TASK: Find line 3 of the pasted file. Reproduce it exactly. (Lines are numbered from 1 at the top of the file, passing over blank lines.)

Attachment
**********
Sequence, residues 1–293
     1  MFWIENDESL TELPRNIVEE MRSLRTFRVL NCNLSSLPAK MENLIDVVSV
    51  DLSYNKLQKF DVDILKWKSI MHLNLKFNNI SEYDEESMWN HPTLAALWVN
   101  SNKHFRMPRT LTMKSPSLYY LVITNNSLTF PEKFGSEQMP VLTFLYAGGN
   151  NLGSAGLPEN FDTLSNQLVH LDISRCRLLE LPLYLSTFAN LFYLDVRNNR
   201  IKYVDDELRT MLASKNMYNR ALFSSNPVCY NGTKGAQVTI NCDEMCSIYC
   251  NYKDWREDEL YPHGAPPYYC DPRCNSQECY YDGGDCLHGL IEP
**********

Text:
    51  DLSYNKLQKF DVDILKWKSI MHLNLKFNNI SEYDEESMWN HPTLAALWVN